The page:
This digital contains PDF copies of manuscript and audiovisual collection inventories and legacy finding aids. These include collections that are not yet available in the Hagley. These have been made available to researchers for on-site use only.
The Vulcan Iron Works was founded in Wilkes-Barre, Pennsylvania, in 1849 to produce specialty iron products for the local coal industry. It would later establish additional shops in West Pittston and Tamaqua, Pennsylvania. In 1888, Vulcan acquired the Wyoming Valley Manufacturing Company, makers of locomotives. This soon became a major part of Vulcan's activities. Vulcan's other product lines consisted primarily of material movement and processing machinery, mostly for use in coal mining operations. The collapse of the anthracite industry in the 1930s destroyed a large part of the company's market. As heavy trucks gradually replaced locomotives, Vulcan’s locomotive production also declined, finally ending in May 1949. Machinery production continued into the mid-1950s. The majority of the physical collection is in the form of original glass and film negatives dating from about the 1880s to 1943; these negatives make up the entirety of this digital collection. The collection of over 11,400 images, mostly images of locomotives and mining or manufacturing equipment, has not been digitized in its entirety. Efforts have been made to select representative samples across the subject matter contained within the collection
This collection contains nearly 200 images of estate and private gardens in and around Wilmington, Delaware. Photographed between 1920 and 1925 by William C. Spruance, an amateur photographer and advisory member of the Wilmington Garden Club, many of the images are either hand colored lantern slides or color Lumiere Autochrome lantern slides. The collection has not been digitized in its entirety. Image: Alice Lea Spruance's town garden.
Waldron collection of Christmas and holiday postcards
The collection consists of Christmas and other holiday postcards, including New Year's, birthday, 4th of July, Halloween, Washington's Birthday, Decoration Day, Valentine's Day, Thanksgiving, St. Patrick's Day, and Easter postcards. The 556 items in this collection date from ca. 1900 to 1950, with the bulk of items dating from 1905 to 1930. This collection was donated to the Hagley Library in 1973 by Maxine Maxson Waldron (1898-1982), an artist and educator once employed by the Metropolitan Museum of Art in its department of education, by various private schools as an art teacher, and as a ceramics specialist at the Greenwich House Pottery Shop. After her marriage to William R. Waldron, an employee at Du Pont's Chambers Works, she pursued her interests in art, fashion, and interior decoration through her activities as a collector This collection has not been digitized in its entirety. A small number of incomplete postcards were omitted from scanning, as were a small number of duplicative negative film images and photographic reproductions.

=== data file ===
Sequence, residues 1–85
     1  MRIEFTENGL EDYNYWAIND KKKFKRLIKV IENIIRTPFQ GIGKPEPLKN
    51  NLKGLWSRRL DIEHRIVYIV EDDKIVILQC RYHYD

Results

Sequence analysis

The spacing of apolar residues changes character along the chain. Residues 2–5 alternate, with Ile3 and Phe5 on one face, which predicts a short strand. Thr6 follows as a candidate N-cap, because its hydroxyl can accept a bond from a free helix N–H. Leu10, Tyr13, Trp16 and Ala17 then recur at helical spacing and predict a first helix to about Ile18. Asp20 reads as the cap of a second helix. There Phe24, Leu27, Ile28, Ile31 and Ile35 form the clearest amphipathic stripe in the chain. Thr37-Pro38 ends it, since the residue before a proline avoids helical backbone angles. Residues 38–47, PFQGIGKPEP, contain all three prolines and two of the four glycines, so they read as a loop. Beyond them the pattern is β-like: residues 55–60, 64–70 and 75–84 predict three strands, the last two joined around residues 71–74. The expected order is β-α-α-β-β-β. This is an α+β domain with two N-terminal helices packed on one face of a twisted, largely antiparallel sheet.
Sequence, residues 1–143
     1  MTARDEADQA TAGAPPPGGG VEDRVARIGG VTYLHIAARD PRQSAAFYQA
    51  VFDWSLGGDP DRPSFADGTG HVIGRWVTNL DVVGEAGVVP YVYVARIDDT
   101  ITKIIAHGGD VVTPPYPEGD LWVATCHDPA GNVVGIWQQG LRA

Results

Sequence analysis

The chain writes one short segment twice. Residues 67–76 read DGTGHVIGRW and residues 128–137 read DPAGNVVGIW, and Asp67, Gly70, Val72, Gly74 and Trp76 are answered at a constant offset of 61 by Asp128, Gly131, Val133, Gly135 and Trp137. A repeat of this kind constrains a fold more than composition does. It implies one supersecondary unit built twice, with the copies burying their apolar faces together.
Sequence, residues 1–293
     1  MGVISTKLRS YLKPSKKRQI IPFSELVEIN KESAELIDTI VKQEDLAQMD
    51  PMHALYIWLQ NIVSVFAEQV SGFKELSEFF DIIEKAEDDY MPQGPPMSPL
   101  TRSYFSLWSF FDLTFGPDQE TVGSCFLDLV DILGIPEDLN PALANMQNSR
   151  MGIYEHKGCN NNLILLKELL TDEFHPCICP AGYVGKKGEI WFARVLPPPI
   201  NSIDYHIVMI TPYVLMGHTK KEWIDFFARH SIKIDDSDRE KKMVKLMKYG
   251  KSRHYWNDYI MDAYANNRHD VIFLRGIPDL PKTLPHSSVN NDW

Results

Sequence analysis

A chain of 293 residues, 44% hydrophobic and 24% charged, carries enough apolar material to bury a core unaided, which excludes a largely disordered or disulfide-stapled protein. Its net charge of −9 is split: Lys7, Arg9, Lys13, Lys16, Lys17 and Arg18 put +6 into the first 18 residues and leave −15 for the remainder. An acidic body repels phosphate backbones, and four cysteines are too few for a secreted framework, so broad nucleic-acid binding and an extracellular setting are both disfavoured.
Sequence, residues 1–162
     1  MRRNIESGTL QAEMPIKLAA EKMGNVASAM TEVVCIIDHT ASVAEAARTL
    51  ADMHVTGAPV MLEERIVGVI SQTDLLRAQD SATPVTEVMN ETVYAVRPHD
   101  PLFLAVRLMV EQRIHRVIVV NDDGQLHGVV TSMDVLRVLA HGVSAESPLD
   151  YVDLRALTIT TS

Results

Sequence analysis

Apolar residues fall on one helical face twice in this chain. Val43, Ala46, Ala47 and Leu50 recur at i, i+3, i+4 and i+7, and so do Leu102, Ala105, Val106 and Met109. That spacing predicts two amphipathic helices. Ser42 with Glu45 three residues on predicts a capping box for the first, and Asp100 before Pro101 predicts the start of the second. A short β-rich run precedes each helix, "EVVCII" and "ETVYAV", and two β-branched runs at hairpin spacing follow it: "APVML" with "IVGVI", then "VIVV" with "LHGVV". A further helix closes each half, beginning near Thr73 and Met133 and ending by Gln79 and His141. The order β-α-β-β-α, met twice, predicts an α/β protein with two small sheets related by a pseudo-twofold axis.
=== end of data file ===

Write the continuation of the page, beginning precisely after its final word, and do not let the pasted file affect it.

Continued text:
Ward and Gow elevated railway and subway advertising album
Ward and Gow, a New York advertising agency, is credited as one of the first firms to "systematize" advertising in the New York subway and elevated marketplace. Their office address is listed as 1 Union Square, New York on the cover of the album. These fifteen photographs document advertising on New York City elevated train platforms and on subway cars. Each photo's location is given in the lower right side of the image. Since many of the advertisements are for theater or vaudeville shows for which Ward and Gow also did advertising, it is possible to date some of these images within a month's time. Most of the images are devoid of people.
The Warren-Ehret Company was a roofing company founded in 1852. This online collection consists of 178 images from three unbound albums (circa 1900) which were used as sales portfolios to show the variety and extent of Warren-Ehret's roofing jobs on a variety of buildings. The buildings are predominately industrial structures, but the collection also includes: railroad company buildings, offices, stores, apartments and private homes. The collection covers buildings in the greater Philadelphia area and the surrounding areas of Pennsylvania, New Jersey, New York City, and Connecticut. The collection has not been digitized in its entirety. Image: American Horse Exchange in New York.
Wawa, Inc. Public Relations photographs and audiovisual materials
Wawa, Inc., operators of a large chain of convenience stores in the mid-Atlantic region, was formed in 1974 through the merger of three antecedent family businesses: Millville Manufacturing Company, Wawa Dairy Farms, and Wawa Food Markets. This digital collection includes a small selection of approximately 275 images covering a period from the 19th through the 21st centuries. The collection has not been digitized in its entirety. Image: Wawa Dairy Farms billboard advertising home milk delivery service.